by Ian Marshall, Editor
It is a listing that predicts they are marginal outsiders; not at all, they are the favourites.
The wins secured by Japan’s Tomokazu Harimoto and Miu Hirano in the past 18 months over China’s elite, suggested that they could well be the players to stand on the top step of the podium when the fourth day of play concluded. They had enjoyed successes that Wang Chuqin and Sun Yingsha could not match; it was not to happen, when the questions were asked the Chinese teenagers held the answers.
Hard fought finals but there were no great moments of drama. There was no magic formula, no magic wand that brought success; quite simply their basic techniques are so good, so perfect that when crisis looms they did not wilt; furthermore, they could adapt to any situation and follow the plan of action detailed by their respective coaches to the letter.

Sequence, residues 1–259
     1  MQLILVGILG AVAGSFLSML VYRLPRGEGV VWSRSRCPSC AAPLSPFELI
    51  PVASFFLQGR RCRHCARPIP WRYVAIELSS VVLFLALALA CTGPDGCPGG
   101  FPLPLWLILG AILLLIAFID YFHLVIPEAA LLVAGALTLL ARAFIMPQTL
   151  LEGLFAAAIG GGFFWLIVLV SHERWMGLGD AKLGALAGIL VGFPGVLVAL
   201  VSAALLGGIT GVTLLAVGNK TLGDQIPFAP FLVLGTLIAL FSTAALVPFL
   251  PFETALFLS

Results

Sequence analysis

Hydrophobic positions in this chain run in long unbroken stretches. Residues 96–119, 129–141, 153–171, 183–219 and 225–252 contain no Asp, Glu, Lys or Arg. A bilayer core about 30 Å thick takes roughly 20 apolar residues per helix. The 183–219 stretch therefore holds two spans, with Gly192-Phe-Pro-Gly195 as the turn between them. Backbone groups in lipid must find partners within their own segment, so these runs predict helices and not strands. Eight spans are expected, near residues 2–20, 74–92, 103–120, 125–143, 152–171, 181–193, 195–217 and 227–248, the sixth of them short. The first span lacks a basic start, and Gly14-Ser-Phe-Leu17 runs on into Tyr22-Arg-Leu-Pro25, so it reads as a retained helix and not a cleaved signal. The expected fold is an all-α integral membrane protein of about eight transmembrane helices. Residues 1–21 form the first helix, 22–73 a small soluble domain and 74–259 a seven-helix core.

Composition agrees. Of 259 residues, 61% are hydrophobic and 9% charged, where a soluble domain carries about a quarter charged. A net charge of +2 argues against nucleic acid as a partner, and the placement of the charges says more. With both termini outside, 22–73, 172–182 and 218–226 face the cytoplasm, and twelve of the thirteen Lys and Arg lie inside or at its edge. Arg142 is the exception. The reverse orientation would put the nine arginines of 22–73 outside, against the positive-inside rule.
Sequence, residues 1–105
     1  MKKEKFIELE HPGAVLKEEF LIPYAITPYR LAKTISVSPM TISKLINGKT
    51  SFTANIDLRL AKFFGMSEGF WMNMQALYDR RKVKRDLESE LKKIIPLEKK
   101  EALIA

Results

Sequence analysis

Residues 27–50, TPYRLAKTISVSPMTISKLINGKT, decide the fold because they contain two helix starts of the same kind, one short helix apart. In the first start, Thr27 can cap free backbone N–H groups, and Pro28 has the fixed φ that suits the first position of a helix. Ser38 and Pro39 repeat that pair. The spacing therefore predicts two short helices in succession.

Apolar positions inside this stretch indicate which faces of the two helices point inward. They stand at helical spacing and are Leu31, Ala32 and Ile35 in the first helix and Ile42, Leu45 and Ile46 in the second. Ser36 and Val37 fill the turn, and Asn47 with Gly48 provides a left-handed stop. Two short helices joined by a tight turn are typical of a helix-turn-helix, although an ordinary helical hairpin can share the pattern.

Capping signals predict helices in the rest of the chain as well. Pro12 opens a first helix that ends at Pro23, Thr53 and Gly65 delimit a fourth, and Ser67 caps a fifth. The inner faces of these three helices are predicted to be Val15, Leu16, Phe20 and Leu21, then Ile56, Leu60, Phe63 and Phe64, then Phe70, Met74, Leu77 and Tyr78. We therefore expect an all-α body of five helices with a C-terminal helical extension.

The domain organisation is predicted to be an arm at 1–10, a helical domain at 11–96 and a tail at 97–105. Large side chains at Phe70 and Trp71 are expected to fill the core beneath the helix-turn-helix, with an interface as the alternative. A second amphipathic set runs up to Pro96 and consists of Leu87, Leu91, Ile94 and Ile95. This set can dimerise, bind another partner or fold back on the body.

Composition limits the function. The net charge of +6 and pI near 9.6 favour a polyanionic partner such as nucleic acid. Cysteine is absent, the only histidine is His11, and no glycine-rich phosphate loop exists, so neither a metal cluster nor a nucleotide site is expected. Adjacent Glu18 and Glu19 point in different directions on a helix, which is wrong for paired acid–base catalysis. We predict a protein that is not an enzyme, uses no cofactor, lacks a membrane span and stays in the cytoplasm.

Now, in the Mixed Team event, Tomokazu Harimoto and Miu Hirano, equally technically assured, the top seeds, must find answers, just as in the Men’s Singles and Women’s Singles events did Wang Chuqin and Sun Yingsha.
Pertinently, en route to the final in the Men’s Singles event only Chinese Taipei’s Lin Yun-Ju posed a real threat to Tomokazu Harimoto, for Miu Hirano there was no threat at all.
Judging by past performances, the Tomokazu Harimoto and Miu Hirano, alongside Wang Chuqin and Sun Yingsha are clear of the field. It puts immense pressure the shoulders of Chinese Taipei’s Lin Yun-Jun and Su Pei-Ling, the no.2 seeds in their quest for honours, as it does on the European pairing of Sweden’s Truls Moregard and Serbia’s Sabina Surjan, the no.3 seeds.
All four outfits are favourites to top their respective groups; unless there is a shock defeat which I cannot foresee, the draw for the second stage will attract more attention than usual.
There is the possibility of China and Japan in the same half!